Posts Tagged ‘advance directives’

10 Steps to Communicate Your End-of-Life Wishes



Communicating your end-of-life wishes is often among the most difficult conversations you can have with your family and loved ones. It’s also a conversation that many avoid until it’s too late.

The importance of clearly laying out your end-of-life preferences cannot be overstated, however. And doing so before you a suffer a life-threatening illness or other crisis will help reduce anxiety and doubt for family members who may be confused about final wishes that haven’t been clearly expressed.

Perhaps the most important question when it comes to communicating end-of-life wishes is, “how to do it?” Fortunately, there are a variety of steps you can take and proven methods that should make the process easier for you and your family. Getting started now, before it’s too late, should be a priority.

  1. Plan ahead

There’s no time like the present when it comes to letting your loved ones know about your final wishes is now. You can start by drawing up a living will that states your treatment and care preferences if you should ever be in a position where you can’t speak for yourself.

It’s also important to have a durable power of attorney in place that appoints one family member or other trusted person to make medical decisions for you in the event you’re unable to do so. Take all the time you need to reflect on what’s most important to you, then get the paperwork started.

  1. Be clear about what you want

It’s not easy to think about becoming too ill to make healthcare and other important decisions. But a critical injury or debilitating illness can happen to anyone at any time, and it’s vital to be clear about your wishes as soon as you can in case the unthinkable happens to you.

  1. Finding the right opportunities

While finding the right time to talk about your end-of-life issues can be a challenge, here are some events that can present opportunities to sit down with family and loved ones:

*Gatherings or time spent related to milestones such as the birth of a child, marriage, death of a loved one, retirement, anniversaries, etc.

*During holiday gatherings when many family members may be present.

*When creating your will or other estate planning.

*When a major illness requires that you or another family member move out of the home and into a long-term care setting – such as an assisted living community or a nursing home – or when a friend or family member is facing a serious illness or end-of-life situation.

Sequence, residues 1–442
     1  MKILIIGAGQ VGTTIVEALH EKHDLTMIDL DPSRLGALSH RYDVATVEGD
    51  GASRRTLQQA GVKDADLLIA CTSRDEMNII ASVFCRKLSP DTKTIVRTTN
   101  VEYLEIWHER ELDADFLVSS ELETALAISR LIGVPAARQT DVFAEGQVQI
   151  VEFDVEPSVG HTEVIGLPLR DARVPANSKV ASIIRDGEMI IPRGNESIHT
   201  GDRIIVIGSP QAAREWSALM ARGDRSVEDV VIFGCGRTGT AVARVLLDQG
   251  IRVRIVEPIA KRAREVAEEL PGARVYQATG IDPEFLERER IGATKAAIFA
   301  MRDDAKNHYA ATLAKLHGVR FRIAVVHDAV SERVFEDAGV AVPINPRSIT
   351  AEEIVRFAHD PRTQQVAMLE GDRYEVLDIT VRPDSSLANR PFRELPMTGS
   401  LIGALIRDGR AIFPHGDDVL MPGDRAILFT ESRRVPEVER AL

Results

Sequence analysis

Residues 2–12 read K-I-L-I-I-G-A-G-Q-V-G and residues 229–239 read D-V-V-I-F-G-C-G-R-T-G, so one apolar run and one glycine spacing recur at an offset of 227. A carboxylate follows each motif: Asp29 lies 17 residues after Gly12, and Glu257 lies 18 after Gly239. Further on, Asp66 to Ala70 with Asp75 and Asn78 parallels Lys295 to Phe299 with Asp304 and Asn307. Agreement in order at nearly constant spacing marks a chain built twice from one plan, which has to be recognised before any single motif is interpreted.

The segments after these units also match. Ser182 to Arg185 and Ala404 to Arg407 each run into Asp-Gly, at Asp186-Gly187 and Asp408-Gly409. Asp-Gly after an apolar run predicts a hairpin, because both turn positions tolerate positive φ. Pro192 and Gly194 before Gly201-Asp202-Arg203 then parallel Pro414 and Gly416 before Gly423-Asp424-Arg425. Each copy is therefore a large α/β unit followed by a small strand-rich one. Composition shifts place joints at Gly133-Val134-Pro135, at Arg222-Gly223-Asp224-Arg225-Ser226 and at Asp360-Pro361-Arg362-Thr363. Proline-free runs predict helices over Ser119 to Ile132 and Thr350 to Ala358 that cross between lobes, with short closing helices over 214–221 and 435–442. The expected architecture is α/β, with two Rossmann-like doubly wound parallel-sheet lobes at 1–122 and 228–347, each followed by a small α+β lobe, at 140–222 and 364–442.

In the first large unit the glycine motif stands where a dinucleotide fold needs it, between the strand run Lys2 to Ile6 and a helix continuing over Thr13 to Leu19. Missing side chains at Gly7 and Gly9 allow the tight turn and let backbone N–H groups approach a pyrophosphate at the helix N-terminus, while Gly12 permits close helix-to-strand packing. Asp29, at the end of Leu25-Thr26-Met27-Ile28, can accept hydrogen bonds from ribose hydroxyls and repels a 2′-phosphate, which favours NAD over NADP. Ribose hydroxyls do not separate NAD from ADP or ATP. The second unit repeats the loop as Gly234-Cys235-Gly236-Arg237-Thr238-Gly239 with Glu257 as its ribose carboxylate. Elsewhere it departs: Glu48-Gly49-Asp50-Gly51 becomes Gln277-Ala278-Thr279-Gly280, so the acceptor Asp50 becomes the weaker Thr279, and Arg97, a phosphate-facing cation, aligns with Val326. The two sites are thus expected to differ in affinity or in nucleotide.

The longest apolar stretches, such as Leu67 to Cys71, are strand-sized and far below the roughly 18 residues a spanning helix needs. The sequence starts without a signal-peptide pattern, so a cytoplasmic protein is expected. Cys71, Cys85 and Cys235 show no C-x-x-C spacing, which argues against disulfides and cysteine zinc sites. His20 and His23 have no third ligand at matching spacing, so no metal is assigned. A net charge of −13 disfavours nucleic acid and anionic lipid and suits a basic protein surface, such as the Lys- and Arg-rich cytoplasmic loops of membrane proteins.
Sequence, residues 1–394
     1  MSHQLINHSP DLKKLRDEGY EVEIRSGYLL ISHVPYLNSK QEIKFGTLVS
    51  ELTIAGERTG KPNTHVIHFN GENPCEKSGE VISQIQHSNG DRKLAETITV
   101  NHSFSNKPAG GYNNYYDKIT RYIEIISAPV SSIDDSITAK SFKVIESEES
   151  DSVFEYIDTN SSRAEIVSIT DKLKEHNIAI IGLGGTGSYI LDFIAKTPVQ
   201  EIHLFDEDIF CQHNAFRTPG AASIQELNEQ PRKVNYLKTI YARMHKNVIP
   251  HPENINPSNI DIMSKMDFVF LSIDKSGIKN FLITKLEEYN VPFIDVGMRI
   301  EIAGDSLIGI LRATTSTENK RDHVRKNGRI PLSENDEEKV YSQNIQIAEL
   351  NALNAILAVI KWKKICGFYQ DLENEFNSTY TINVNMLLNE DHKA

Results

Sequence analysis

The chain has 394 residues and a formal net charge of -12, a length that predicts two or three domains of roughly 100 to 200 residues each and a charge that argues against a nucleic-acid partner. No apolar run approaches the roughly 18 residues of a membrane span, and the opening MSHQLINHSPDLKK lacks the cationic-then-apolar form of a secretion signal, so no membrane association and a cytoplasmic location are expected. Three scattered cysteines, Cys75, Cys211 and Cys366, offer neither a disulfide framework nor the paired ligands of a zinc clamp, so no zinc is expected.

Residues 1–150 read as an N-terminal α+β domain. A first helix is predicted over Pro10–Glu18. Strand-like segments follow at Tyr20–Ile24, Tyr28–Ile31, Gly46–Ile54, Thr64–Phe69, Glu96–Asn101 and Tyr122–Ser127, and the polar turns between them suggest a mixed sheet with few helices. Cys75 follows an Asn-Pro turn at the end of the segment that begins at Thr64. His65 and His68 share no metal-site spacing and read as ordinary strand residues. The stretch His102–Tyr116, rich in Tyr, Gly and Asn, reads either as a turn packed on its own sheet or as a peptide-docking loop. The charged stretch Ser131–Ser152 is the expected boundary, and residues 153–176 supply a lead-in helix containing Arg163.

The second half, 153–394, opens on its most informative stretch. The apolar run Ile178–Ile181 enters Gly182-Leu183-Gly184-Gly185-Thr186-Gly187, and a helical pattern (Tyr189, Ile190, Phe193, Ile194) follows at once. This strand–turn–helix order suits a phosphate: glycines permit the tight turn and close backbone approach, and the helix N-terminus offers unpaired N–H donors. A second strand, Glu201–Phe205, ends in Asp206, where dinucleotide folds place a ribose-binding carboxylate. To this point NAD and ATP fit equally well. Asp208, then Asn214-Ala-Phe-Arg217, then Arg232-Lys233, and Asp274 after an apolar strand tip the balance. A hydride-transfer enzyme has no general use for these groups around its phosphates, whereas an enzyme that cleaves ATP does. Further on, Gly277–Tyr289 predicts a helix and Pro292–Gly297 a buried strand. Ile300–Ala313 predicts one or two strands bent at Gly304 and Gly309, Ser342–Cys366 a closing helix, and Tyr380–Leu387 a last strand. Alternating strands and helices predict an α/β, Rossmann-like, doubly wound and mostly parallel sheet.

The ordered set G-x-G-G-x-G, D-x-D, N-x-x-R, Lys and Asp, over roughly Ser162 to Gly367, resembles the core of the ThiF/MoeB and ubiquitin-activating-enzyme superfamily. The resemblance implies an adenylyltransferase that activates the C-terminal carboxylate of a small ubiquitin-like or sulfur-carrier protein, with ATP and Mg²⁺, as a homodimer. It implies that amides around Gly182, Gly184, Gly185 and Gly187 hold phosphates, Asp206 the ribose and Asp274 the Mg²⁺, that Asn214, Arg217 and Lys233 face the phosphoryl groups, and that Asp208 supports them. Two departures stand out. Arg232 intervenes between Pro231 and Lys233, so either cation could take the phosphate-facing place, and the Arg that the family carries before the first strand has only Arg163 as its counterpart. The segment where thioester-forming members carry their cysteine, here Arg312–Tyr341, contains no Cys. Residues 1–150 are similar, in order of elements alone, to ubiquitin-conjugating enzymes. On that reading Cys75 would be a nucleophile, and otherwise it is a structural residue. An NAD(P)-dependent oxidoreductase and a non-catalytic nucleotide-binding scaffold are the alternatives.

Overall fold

1. Talk often

It’s important to have end-of-life conversations early and to ensure that everyone understands your wishes. Moreover, your preferences may change over time and create the need for regular discussions on the subject.

  1. Ask permission

Again, discussing end-of-life issues isn’t necessarily easy, and it may make some of your family members uncomfortable. Asking your loved ones for permission before diving into the topic reassures them that you respect and honor everyone’s desires.

  1. Keep the purpose in mind

Your conversations with loved ones should address two important goals: making sure that your financial and healthcare wishes are expressed and honored, and providing them with the information and confidence they need to make future decisions.

  1. Find an Appropriate Setting

Find a quiet, comfortable place to have discussions about end-of-life wishes – preferably somewhere private and without distractions. A noisy restaurant or other public places is probably not the right setting to broach this tough topic.

  1. Be a good listener

Whether you’re discussing your end-of-life wishes, listening to another family member express theirs, or getting feedback from family and friends, it’s important to listen carefully. Make every effort to hear and understand what your loved ones are saying, and make clear to them that it’s important to you. If you’re listening to someone else,express their wishes, try to reaffirm what they’re saying and acknowledge their right to make life choices, even if you disagree with them.